Red O Restaurant: New Mexican, Tequila Tunnel and More Cowbell

— by Caroline on Crack

Red O's pork belly sopes by Caroline on Crack

Red O's pork belly sopes

I’m going to admit something to you that may get me disbarred from the L.A. Food Bloggers Association, if there was one. I don’t know who this Rick Bayless is. At least I didn’t really before I was invited to a blogger dinner at the new Red O Restaurant (Bayless created the Mexican cuisine menu but doesn’t own the venue). Red O, in the former Chocolat space on Melrose, had only been opened for two days and was already booked solid for a month, and here I was lucky enough to land a seat.

And for those who don’t know, Rick Bayless is a world-famous chef with PBS series Mexico — One Plate at a Time, several cookbooks and the title of “Top Chef Master” under his belt. Very impressive indeed. So remember earlier this year when foodies were all twitterpated about how L.A. would be the site of his first restaurant outside of Chicago? Well, now you, too, know what the big deal is. Apparently his guy knows Mexican food and he was gonna show off his skills right in our town.

Mattatouille and Teenage Glutster from Caroline on Crack

Mattatouille and Teenage Glutster pondering the tequila.

For dinner, I was joined by bloggers Lindsay of LAist, Mattatouille, estarLA and Teenage Glutster as well as two publicists. We were treated to a seemingly neverending stream of tasty delights from pork belly sopes to Heirloom tomatoes and steak salad to Lamb in Chile Colorado.

And even given a tequila flight of Oro Azul Tequila Blanco, Corralejo Reposado Tequila, Don Julio Añejo Tequila and Jose Cuervo Reserva De La Familia. (Thanks to Glutster for the list as I was on the other end of the table and couldn’t hear the sommelier’s description of each one. Blah.)

Now, the entrees here, dubbed

“Mexico’s Celebrated Seven” as they are the top dishes representative of classic Mexican flavors, range in price from the $25 Pollo en Mole Poblano — grilled chicken, mole poblano, black beans, watercress salad — to the $31 Carne Asada Brava — green chile-marinated Creekstone Natural ribeye, roasty salsa huevona, sweet corn tamales and grilled knob onions. Not too bad, I guess, for a special night out.

But if you’d like to keep it light without lightening up your wallet, there are some nice options, especially for a cheapskate like myself. That $11 corn and goat cheese tamale with roasted poblano chiles was divine as that’s a triad of some of my fave ingredients. But if I wanted to treat myself I’d order up the $20 crab and shrimp enchiladas with tomatillo sauce, corn tortillas, Sonoma Jack cheese, black beans, and ensaladita. The Glutster and Mattatouille can back me up on how good this was as it was a highlight for them, too.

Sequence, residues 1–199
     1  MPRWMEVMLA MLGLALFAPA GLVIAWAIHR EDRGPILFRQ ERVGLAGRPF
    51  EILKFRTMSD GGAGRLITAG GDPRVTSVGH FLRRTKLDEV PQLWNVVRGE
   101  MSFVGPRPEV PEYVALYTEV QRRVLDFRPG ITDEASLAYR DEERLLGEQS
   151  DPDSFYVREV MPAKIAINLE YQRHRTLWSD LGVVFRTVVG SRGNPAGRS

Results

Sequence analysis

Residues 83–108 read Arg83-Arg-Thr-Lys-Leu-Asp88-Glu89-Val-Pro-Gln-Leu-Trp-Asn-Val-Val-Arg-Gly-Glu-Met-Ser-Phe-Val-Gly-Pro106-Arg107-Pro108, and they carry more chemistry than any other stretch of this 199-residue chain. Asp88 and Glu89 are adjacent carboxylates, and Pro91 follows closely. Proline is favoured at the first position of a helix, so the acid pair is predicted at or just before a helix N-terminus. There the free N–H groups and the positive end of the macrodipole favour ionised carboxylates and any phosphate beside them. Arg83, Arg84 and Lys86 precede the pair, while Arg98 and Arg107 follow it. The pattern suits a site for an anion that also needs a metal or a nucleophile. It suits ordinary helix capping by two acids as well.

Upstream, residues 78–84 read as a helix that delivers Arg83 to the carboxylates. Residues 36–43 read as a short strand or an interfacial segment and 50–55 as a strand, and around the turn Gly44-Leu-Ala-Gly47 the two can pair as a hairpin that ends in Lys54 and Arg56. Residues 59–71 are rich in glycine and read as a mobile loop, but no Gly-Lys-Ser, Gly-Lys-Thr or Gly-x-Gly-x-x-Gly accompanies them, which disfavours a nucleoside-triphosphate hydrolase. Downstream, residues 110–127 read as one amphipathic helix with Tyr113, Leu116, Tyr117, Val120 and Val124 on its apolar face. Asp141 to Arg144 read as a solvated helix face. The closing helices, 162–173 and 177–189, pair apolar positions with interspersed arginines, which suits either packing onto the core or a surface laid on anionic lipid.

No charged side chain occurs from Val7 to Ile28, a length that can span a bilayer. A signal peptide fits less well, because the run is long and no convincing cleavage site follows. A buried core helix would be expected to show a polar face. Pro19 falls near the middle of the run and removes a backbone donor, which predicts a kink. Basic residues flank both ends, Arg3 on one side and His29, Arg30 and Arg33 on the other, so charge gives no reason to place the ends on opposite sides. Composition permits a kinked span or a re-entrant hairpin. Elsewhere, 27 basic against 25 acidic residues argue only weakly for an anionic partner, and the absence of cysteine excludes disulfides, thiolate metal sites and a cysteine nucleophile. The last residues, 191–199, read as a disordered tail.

Topolo Margarita

As for cocktails, out of the six drinks on the list I only sampled the Tamarind Re-Fashioned ($11) — a concoction of Don Julio Añejo, tamarind soda, Luxardo cherries, orange, and orange bitters muddled with tamarind syrup — and had a Topolo Margarita ($11) with Sauza Conmemorativo tequila, Gran Torres orange liqueur and limonada — all to myself.

The former was disappointing in that it wasn’t as flavorful as I had hoped it would be. I didn’t taste tamarind at all or really the tequila for that matter. But then again I like my cocktails with some kick and this was just too light for me. Everyone at the table agreed, not a favorite.

I did, however, enjoy the margarita. They asked if I wanted it up or on the rocks even though the menu states that it’s served up. In any case, that’s the way to go. Undiluted, with no ice. By the way, the restaurant is still testing out different cocktails so the current menu is likely to change soon.

The restaurant space itself is gorgeous. And at dinner I was fortunate enough to have its designer, Gulla Jonsdottir, sitting next to me so I told her myself. Ms. Jonsdottir was formerly the principal designer for Dodd Mitchell Design and has worked on the Hollywood Roosevelt Hotel and Beverly Hills’ Thompson Hotel. She’s so fancy that her business card is made from rose petals. Her design firm, G+ Gulla Jonsdottir Design, did such a wonderful job of Red O, instilling a sense of whimsy, charm and sophistication from the tequila tunnel lined with glass display cases showcasing bottles of premium tequila to the wall of golden cowbells to the handmade leather swings at the bar. No sombreros or Spanish colonial arches here.

Rick Bayless and Executive Chef Michael Brown greet the table by Caroline on Crack

Rick Bayless and Executive Chef Michael Brown greet the table.

And in the course of our dinner we were able to see the main dining room transform from a beautiful, naturally lit space perfect for dinner with friends to a romantic, candlelit venue ideal for cozying up with your oh-so-lucky honey. During sultry nights, the garage doors will open up to let in the cool night air.

I asked Ms. Jonsdottir which she thought was the best seat in the house — you know, for future reference — and she said the table up against the tequila tunnel with a commanding view of the dining room under the skylights and handmade Mexican chandeliers hanging above is the best. As it’s the table closest to the restaurant’s tequila lounge, which I unfortunately didn’t get to check out during this visit, I would have to concur.

She said that they’re looking to include a cigar lounge, too, in the near future where guests can enjoy cocktails with their cigars. Noice!

I would totally love to come back and grab some drinks whilst swinging at the bar, depending of course if those swings ever free up.

Red O Restaurant
8155 Melrose Avenue
Los Angeles, California 90046 (map)
(323) 655-5009
Twitter: @Rick_Bayless